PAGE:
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Man undergoing treatment of rare genetic condition graduates college 2,500 miles away from home

Juan Patino.png
Posted at 10:48 PM, Jun 10, 2021
and last updated 2021-06-11 10:37:11-04

CINCINNATI — A young man’s search for answers to his ongoing health problems brought him from South America to Cincinnati and helped him reach a major life milestone far from home.

Juan Patino moved to the Tri-State from Colombia last year to receive medical treatment at Cincinnati Children’s Hospital. He’s had difficulty eating and keeping food down since childhood, and the doctors in his native country didn't know how to help.

“I remember the first doctor – he didn’t know what was going on,” he said.

He even tried seeking treatment from as far away as Spain.

“I wasn’t responding to the medication that they were giving me,” he said. “I was weak with the medication. It was a really hard medication.”

Patino did some research and found that some of the world’s leading doctors for his medical challenges were in Cincinnati. After he met with the team at Cincinnati Children’s Hospital, they told him he has a rare disease called eosinophilic gastritis. The disorder stems from eosinophils — a type of white blood cells — accumulating in Patino’s gastrointestinal tract.

Although he's in his early 20s and outside the typical age range for a patient at Children's, Patino knew the doctors in Cincinnati were his best chance at real help. He packed up everything and moved more than 2,500 miles from his home in Cali, Colombia, to Cincinnati in January 2020.

Dr. Mark Rothenberg, who leads the Center for Eosinophilic Disorders at Children’s Hospital, helped enroll Patino in a clinical trial where he receives monthly injections of an asthma medication to help treat his condition.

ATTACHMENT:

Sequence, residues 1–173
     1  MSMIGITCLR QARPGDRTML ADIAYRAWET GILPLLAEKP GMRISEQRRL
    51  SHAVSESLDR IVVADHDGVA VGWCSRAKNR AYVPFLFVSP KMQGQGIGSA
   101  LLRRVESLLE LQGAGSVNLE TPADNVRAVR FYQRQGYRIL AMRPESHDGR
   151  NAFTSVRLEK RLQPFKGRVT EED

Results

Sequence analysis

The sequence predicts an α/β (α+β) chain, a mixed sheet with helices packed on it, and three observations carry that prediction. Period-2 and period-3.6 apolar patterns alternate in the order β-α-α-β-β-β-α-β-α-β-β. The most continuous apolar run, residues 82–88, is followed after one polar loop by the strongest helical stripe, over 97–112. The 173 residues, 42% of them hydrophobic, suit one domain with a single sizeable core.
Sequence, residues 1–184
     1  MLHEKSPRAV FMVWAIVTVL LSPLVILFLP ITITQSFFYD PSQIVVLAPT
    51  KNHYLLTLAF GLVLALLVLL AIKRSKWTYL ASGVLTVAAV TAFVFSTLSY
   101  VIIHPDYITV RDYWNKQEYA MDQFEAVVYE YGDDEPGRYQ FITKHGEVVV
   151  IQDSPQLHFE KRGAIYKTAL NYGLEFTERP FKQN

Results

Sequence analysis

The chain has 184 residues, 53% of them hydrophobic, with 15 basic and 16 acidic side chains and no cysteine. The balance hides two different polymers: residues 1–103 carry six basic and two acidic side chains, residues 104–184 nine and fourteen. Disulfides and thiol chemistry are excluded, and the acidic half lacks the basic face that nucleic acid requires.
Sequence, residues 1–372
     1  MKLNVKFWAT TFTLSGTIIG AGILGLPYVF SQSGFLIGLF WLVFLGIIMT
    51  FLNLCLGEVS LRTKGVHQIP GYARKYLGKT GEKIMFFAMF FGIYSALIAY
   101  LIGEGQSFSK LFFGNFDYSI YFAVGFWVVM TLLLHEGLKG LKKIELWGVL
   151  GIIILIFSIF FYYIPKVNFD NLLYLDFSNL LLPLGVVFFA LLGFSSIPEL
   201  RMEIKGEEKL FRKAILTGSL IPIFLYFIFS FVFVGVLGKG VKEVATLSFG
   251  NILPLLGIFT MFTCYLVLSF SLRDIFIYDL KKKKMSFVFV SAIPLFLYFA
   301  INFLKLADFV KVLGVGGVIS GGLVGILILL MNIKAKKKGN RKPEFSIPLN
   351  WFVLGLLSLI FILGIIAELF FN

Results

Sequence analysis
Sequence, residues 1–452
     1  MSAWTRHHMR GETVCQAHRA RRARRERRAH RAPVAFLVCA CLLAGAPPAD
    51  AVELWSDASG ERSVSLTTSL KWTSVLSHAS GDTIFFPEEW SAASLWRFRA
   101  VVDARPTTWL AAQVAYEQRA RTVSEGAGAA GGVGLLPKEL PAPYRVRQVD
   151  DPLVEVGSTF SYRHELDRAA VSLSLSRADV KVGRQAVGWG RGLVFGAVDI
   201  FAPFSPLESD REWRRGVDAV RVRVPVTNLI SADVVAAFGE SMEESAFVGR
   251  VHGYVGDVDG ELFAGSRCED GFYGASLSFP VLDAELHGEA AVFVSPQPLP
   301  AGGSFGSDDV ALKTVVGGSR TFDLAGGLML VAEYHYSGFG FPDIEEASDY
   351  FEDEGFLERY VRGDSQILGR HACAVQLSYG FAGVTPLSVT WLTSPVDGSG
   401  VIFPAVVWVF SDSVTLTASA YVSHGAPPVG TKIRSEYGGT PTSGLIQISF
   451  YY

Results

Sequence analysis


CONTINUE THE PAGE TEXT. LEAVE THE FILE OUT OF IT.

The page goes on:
“We think that the eosinophils are causing most of his problems, and we’ve been able to use a really, very high degree of precision therapy to help him out,” Rothenburg said.

The treatment appears successful so far.

“After having maybe two or three episodes every single day, now I can eat normally,” Patino said.

Despite leaving his family behind in Colombia, Patino continued his education while fighting his disease. He became the first in his family to graduate from college when he got his degree from Xavier University in May.

“I really look at him as a very brave man and a smart young man,” Rothenberg said. “He graduated college and he did a lot of this on his own, nearly all of it.”

Patino’s treatment is in a phase 3 study. Researchers at Cincinnati Children’s Hospital said they hope it will receive FDA approval down the line.

The Center for Eosinophilic Disorders at Children’s Hospital doesn’t turn people away if they aren’t kids. Rothenburg said that specific departments work with all ages, even some senior citizens, who have the same disorder.